The materials that compose our cultural heritage must be free for all living to use no less than matter necessary for biological survival." The term public domain may be interchangeably used with other imprecise or undefined terms such as the "public sphere" or "commons", including concepts such as the "commons of the mind", the "intellectual commons", the "information commons". A public-domain book is a book with no copyright, a book, created without a license, or a book where its copyrights expired or have been forfeited. In most countries the term of protection of copyright lasts until January first, 70 years after the death of the latest living author; the longest copyright term is in Mexico, which has life plus 100 years for all deaths since July 1928. A notable exception is the United States, where every book and tale published prior to 1924 is in the public domain.
St Giles-without-Cripplegate is an Anglican church in the City of London, located on Fore Street within the modern Barbican complex. When built it stood near the Cripplegate; the church is dedicated to St Giles, patron saint of lepers and the handicapped. It is one of the few medieval churches left in the City of London, having survived the Great Fire of 1666. There had been a Saxon church on the site in the 11th century but by 1090 it had been replaced by a Norman one. In 1394 it was rebuilt in the perpendicular gothic style; the stone tower was added in 1682. The church has been badly damaged by fire on three occasions: In 1545, in 1897 and during an air raid of the Blitz of the Second World War. German bombs gutted the church but it was restored using the plans of the reconstruction of 1545. A new ring of twelve bells was cast by Mears and Stainbank in 1954, this was augmented with a sharp second bell cast in 2006 by the Whitechapel Bell Foundry; the church was designated a Grade I listed building on 4 January 1950.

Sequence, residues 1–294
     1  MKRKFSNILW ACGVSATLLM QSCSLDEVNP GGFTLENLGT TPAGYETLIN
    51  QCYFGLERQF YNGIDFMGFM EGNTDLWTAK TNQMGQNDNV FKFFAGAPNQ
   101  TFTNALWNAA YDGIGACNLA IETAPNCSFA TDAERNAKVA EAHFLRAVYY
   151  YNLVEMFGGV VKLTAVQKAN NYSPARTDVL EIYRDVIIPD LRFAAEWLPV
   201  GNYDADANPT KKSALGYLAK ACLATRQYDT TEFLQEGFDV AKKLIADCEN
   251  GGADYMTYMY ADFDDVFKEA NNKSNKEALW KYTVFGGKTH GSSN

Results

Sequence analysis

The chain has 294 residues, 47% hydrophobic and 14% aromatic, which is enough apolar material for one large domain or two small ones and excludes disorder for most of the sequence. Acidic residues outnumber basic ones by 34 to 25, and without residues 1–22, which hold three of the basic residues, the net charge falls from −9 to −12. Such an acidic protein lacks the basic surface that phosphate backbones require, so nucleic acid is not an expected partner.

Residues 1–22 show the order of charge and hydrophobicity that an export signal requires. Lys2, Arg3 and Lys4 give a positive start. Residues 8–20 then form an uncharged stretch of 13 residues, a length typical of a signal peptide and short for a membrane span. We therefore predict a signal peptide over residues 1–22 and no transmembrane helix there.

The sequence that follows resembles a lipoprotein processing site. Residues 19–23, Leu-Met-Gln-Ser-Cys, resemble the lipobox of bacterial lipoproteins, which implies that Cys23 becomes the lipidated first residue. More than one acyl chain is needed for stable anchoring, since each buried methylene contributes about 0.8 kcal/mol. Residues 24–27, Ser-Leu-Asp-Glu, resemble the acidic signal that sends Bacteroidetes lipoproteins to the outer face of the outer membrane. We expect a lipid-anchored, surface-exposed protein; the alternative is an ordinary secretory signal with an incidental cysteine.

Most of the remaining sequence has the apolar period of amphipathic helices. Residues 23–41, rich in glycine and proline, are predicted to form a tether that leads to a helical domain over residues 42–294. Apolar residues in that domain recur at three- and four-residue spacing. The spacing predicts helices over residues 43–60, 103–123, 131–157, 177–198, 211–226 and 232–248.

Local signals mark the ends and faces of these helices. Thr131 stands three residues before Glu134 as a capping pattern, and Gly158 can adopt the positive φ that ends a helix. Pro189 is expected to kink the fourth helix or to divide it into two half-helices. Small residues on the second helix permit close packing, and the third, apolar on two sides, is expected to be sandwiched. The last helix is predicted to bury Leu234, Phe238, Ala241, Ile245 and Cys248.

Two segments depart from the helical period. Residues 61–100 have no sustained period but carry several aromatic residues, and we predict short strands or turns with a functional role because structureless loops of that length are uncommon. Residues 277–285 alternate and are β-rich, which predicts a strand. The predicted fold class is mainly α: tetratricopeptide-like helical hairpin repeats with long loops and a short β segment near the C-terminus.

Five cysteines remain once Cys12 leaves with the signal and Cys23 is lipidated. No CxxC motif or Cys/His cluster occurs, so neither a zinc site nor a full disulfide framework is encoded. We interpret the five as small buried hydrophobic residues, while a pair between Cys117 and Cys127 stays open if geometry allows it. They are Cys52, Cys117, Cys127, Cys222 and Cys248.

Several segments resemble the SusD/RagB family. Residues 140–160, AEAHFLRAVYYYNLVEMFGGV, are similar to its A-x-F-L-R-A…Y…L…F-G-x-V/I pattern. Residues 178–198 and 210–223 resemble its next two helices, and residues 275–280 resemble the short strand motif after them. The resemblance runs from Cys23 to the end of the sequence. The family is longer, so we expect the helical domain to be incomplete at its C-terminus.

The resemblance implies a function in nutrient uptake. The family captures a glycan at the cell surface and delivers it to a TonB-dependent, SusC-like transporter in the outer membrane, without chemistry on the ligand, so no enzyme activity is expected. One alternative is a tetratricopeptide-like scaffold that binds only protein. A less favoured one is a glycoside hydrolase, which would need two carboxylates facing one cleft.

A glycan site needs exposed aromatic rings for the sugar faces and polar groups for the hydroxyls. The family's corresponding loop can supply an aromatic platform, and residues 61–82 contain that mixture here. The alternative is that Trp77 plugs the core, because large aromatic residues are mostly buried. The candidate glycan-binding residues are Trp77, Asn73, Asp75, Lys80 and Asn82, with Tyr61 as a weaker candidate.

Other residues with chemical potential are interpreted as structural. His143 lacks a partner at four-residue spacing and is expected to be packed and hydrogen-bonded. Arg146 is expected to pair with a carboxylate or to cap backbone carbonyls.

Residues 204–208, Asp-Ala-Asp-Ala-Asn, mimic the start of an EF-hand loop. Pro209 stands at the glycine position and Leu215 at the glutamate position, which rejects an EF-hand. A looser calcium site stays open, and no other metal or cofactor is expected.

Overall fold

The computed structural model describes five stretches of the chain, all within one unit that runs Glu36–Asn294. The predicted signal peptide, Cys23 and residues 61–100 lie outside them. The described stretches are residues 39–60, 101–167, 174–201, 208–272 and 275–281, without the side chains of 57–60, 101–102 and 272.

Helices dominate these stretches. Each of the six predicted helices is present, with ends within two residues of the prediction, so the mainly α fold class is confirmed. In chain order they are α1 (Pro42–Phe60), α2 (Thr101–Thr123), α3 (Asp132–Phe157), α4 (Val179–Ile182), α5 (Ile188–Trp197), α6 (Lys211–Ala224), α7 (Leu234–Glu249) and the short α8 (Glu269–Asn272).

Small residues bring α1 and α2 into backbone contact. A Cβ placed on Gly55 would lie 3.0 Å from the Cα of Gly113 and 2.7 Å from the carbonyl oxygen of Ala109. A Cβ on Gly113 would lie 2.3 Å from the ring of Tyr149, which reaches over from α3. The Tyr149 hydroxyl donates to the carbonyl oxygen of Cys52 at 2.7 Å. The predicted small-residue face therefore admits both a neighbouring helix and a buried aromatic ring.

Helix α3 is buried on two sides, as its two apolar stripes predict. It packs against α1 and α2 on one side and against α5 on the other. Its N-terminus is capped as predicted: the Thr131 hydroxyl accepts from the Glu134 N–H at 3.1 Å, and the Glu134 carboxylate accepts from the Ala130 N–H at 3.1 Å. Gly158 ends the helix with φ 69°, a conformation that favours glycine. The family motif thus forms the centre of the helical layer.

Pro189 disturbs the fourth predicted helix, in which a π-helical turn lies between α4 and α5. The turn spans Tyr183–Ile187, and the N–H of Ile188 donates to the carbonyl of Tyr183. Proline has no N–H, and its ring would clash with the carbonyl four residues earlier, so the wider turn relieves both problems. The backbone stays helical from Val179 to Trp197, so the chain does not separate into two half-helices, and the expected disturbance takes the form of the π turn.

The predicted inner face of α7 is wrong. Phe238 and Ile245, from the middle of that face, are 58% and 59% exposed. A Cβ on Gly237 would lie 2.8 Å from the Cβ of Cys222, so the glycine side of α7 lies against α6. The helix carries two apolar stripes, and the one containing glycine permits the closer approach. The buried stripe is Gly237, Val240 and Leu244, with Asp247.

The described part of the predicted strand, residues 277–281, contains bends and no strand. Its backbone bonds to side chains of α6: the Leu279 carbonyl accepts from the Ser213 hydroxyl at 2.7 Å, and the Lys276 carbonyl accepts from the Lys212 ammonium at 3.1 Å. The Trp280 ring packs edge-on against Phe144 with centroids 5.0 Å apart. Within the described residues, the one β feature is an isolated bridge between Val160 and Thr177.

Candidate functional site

John Field, curate of the church, c. 1570 John Field, buried in the church, c. 1587 John Foxe, author of the Book of Martyrs, surrogate for Crowley c. 1565 and buried in the church, 1587 Robert Crowley, rector of St Giles's and Protestant polemicist was buried in the church in 1588 Thomas Deloney, English novelist and balladist, had his son baptised in the church in 1586 Lancelot Andrewes, rector of the church after Crowley Roger Townshend, buried in the church in 1590 Sir Martin Frobisher, captain who fought against the Spanish Armada, buried in the church, 1594 Sir Francis Willoughby and coalowner, buried in the church in 1596 Nathaniel Eaton, first schoolmaster of Harvard College, baptised in the church in 1610 Oliver Cromwell, military commander and Lord Protector of England during the Commonwealth, married Elizabeth Bourchier in the church, 1620 Nicholas Tooley, Shakespearean actor, shareholder in the Globe Theatre, buried 5 June 1623 John Speed, author of the Theatre of the Empire of Great Britaine, buried in the church in 1629 John Milton, author of Paradise Lost, buried in the church in 1674 John Bunyan, author of The Pilgrim's Progress, attended the church Daniel Defoe, author of Robinson Crusoe, died in the parish, 1731 Mark Catesby, naturalist and author of Natural History of Carolina and the Bahama Islands, was a parishioner and several of his children were baptised in the church, buried in the churchyard Rick Wakeman, recorded his track "Jane Seymour" and Yes track "Close to the Edge" using the pipe organ in the church Jack Nitzsche, pianist, recorded "St. Giles Cripplegate" with the London Symphony Orchestra in 1972 John Milton buried here in 1674 The altar from St. Luke's, Old Street, dismantled in the 1960s due to subsidence.